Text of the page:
BBC correspondent Alistair Cooke was there too, in what he acknowledged was unusual circumstances, for a journalist to be present at a horrific event. He talked about it in his proto-blog/podcast, Letter From America.
Happy 70th birthday to the LP
edit - apparently my source was a few days early…
This is an excerpt from 360 Sound: The Columbia Records Story, by Sean Wilentz, out this week from Chronicle Books.
On June 21, 1948, at a press conference at New York’s Waldorf Astoria Hotel, CBS Board Chairman Ted Wallerstein announced that Columbia Records had designed a 12-inch, long-playing record, manufactured on unbreakable Vinylite, which contained up to 22½ minutes of music per side—and the label was ready to release recordings in the new formats right away. The new longer-playing records would be more durable than the standard 78s as well as, overall, less expensive: One 12-inch long-playing record featuring an entire symphony would cost $4.85, compared with $7.25 for an album of five conventional 78s containing the same symphony.
Wallerstein’s announcement was astounding, and the public greeted the news enthusiastically. The very first long-playing recording, of Nathan Milstein performing Mendelssohn’s Violin Concerto in E minor with the New York Philharmonic, Bruno Walter conducting, appeared in shops only a week after the press conference. By the end of 1948, Columbia had sold 1,250,000 long-playing records.
One of the foundations that built up great improvements in the US work force in the post-WWII era. It was recently updated in the “Forever GI Bill” signed by President Trump, which seems to have had largely positive reactions.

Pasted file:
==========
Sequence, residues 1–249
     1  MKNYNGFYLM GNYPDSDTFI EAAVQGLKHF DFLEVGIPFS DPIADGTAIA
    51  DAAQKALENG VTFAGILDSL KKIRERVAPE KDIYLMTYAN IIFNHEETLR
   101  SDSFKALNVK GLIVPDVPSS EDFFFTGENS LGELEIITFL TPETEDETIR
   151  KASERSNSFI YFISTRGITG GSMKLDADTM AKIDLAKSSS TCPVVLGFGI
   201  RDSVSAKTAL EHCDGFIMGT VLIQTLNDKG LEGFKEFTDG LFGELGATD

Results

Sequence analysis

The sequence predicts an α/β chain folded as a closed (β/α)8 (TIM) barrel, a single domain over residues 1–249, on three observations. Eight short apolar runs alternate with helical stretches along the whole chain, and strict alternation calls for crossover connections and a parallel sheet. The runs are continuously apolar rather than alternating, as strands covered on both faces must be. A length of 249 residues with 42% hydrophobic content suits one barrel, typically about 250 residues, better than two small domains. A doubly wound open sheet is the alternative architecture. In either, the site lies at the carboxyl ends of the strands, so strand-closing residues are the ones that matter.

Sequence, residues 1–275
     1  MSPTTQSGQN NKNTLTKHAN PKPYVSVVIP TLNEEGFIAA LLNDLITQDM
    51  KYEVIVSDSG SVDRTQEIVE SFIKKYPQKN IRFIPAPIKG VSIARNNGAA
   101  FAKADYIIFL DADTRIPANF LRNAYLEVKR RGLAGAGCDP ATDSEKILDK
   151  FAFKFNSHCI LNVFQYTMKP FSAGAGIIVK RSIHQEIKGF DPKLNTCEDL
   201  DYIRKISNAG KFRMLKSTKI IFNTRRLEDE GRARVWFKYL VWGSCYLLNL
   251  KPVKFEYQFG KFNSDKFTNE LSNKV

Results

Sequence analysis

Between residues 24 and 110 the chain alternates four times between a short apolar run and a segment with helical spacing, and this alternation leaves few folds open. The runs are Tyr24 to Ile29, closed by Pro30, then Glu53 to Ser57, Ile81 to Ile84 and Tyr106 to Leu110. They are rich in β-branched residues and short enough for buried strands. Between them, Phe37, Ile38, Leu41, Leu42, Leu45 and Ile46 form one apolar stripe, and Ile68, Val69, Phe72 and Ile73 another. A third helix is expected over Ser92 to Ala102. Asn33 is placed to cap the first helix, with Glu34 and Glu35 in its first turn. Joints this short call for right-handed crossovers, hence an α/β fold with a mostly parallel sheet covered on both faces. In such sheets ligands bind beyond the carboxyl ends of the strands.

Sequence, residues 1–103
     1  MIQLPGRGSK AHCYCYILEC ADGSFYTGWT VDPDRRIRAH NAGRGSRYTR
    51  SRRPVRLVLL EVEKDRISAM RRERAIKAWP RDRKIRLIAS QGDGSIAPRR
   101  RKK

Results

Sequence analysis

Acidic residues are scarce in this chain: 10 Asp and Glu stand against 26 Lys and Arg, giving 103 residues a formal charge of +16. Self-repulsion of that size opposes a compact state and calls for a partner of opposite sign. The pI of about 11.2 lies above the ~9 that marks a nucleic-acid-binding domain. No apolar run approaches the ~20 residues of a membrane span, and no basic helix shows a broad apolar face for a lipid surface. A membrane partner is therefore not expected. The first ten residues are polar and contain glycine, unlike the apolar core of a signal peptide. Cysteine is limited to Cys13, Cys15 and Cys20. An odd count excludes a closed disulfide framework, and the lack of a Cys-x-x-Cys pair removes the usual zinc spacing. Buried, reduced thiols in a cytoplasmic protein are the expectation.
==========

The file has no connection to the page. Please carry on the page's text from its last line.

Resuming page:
46 years ago today, Title IX was enacted and signed into law. Here’s a nice rundown of some key dates in the history of this law that has given women a more equal footing in all kinds of educational programs and activities. Things are by no means perfect, but it’s a whole lot more equal than it was before the law!
On June 27, 1829, English scientist James Smithson died after a long illness. His will contained an odd footnote: In the event that his only nephew died without any heirs, Smithson decreed that the whole of his estate would go to “the United States of America, to found at Washington, under the name of the Smithsonian Institution, an Establishment for the increase and diffusion of knowledge.” Six years later, his nephew, Henry James Hungerford, indeed died without children, and on July 1, 1836, the U.S. Congress authorized acceptance of Smithson’s gift.
My ten year wedding anniversary is this month, that’s pretty random! I can’t believe that I’m a husband and a dad, as someone once said “life is what happens to you while you’re busy making other plans.”